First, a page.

Buying Soap Ends

Buying soap ends for a zero waste bathroom | Litterless

If your tolerance for small slivers of soap is low, this might not be the blog post for you. On the other hand, I'm counting on these candy-colored beauties to look delightful enough to win you over.

I'll back up: since first writing about making the jump from pump soap to bar soap earlier this year (though I'd been a bar soap devotee long before that), I've been considering bar soap from other angles. Thing about soap choices is, they're pretty nearly infinite. What if you want to avoid palm oil? Does sustainable palm oil mean anything? (More on that in a future post.)How can you tell which bar soap packages are plastic-lined paper and which are just plain old recyclable paper? If there's a rabbit hole, you'll find me in it.

While musing and muddling around, I was excited to find another zero waste soap angle that I hadn't before considered: purchasing soap ends. Most small-batch soaps are poured into long, rectangular blocks, then cut into individual bars once they've cured. This means that the ends of those blocks, which are often thinner, wonkier, or otherwise a little different, can go to waste unless a thoughtful soapmaker chooses to repurpose them or re-sell them.

Well, where there's waste, you know we like to swoop in. You can buy soap ends, thus turning the wasted trimmings into the main event.

Besides the virtuousness of the endeavor, there are other perks, too. Soap ends are typically much cheaper by weight than regular bars, you can try out lots of different scents without getting bored, and you get the cheap thrill of pulling out a new bar of soap more often than you would when using full bars. They allow you to try out new soapmakers, scents, and add-ins without a month-long commitment to a full bar. They would make lovely and useful party favors, allow you to give houseguests a fresh bar of their own, and are just fun to look at and pick up to sniff, as the above photographs attest.

Buying the ends of soap bars for a zero waste bathroom | Litterless

It's worth looking for soap ends wherever you buy your bar soap locally: at the grocery stores where you can cut your own soap from big blocks of soap, at smaller bath and beauty stores in your area, or at a farmers' market stand selling locally made soap.

Or, if none of those appeal, there are a few online spots where you can pick some up. Below are a few offerings from around the web that I've found lately:

-The Kirk Estate: This husband-and-wife team in upstate New York grows the herbs they use in their soaps themselves, from heirloom seeds. Owner Jen notes that they try to produce as little waste as possible in their business, composting their scraps to use in their garden and shipping in recycled packaging. You can purchase ends from their cold-processed soaps in their Etsy store.

-Little Flower Soap Co: These pretty soaps are made in Michigan, and you can buy a set of ten pieces of soap ends at their Etsy store, here. Make sure to note in the order notes that you don't want it packaged with extra gift materials like ribbon and decorations.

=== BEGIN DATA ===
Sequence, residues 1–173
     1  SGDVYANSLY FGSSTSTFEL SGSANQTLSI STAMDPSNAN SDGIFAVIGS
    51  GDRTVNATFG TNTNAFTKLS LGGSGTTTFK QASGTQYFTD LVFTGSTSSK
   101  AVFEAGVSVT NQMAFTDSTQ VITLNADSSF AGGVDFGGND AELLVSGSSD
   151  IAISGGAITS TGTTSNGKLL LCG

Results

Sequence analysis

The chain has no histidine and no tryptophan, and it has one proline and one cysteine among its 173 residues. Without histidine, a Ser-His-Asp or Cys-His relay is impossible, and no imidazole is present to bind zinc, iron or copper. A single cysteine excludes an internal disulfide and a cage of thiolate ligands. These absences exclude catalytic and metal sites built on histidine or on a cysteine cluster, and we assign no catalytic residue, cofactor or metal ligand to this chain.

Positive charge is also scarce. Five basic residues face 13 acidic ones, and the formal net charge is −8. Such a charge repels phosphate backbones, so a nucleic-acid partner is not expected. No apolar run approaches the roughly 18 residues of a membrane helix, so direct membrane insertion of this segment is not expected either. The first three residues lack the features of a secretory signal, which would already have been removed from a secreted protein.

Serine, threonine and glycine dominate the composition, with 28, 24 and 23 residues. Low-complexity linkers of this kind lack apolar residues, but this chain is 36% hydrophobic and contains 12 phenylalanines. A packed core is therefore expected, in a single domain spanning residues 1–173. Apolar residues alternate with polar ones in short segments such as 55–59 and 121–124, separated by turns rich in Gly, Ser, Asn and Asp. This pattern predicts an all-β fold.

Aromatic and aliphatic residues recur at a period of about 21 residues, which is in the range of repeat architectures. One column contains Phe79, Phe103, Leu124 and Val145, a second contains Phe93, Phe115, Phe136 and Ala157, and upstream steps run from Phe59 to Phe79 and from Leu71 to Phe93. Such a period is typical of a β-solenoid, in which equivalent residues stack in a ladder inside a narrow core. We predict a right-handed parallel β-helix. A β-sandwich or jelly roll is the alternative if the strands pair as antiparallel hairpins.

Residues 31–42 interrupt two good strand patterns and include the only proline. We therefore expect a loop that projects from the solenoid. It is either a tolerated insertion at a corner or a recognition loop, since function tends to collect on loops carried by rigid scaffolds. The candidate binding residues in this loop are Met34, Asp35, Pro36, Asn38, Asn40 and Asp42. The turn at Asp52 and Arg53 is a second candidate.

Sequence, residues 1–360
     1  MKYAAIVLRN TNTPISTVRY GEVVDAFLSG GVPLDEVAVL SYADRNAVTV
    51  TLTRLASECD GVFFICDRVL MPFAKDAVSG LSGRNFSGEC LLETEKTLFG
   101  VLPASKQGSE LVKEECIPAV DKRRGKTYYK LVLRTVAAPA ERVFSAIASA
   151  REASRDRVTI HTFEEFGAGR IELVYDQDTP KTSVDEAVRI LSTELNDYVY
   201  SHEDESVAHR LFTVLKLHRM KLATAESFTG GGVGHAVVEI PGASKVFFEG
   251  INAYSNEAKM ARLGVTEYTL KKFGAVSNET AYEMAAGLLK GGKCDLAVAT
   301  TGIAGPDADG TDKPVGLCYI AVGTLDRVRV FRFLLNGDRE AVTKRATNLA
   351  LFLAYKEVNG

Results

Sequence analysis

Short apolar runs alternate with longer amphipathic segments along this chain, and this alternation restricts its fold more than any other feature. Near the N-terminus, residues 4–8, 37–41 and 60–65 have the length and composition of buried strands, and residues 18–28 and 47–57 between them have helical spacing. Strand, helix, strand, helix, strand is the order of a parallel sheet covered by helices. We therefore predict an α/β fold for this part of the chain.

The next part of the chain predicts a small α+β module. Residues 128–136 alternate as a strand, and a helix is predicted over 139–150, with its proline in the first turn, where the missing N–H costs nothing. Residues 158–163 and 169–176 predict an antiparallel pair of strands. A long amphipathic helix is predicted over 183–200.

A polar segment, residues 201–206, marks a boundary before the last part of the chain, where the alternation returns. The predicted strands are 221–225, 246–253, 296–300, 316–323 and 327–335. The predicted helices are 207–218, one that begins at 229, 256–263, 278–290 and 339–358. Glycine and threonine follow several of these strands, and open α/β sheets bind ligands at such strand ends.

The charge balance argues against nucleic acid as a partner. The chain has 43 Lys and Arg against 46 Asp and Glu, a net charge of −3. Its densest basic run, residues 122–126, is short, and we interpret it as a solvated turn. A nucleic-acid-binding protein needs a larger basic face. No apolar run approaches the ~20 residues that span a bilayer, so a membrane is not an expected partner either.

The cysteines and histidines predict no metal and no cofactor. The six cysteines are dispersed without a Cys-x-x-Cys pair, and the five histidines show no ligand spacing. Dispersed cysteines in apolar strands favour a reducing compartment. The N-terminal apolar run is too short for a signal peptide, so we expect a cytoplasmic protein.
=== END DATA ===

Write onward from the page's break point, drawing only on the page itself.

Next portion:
-Oregon Soap Company: Their "Assorted Scraps" set boasts a 50% savings over their regular soaps. And, I love that their soap end bars still look thick and robust - like regular bar soaps, but in miniature.

-Rocky Top Soap Shop: These cold process soaps are made by hand in Maine in a process that sounds downright contemplative. Find their soap end sampler for purchase here. Note that each end comes packaged with a paper label, which you can recycle or compost, and a small piece of plastic tape, which you can't.

Other spots to try: Mud & MatterComfort & Joy, or simply searching Etsy for "soap ends" or "soap scraps." If you're having trouble choosing between these, going with the soap maker located nearest you makes the shipping more efficient and less resource-intensive. And, if you're making a purchase online, consider adding some order notes letting the seller know you'd love your order packaged in reused packaging, sans bubble wrap or extra plastic or anything else decorative.

Now, about the using of these small bars. How not to let them slip down the drain, slivers of soap slithering out of reach? I've had good luck so far by being careful as I hold them and by corralling the small pieces in my soap dish, but I wonder if a soap bag like this one by EcoBags would do an even better job. You could lather up the bag with the soap inside, no trying to hold on to small slippery bars required.

Soap ends - have you tried using them? Any tips for the rest of us, or a favorite company that makes them?

Previously in Bath & Beauty: About menstrual cups, and everything I've learned about using a safety razor. Plus, exactly how to make the switch to bar soap, here.

A few of the folks mentioned above sent soap ends my way to photograph - and sniff - for this post.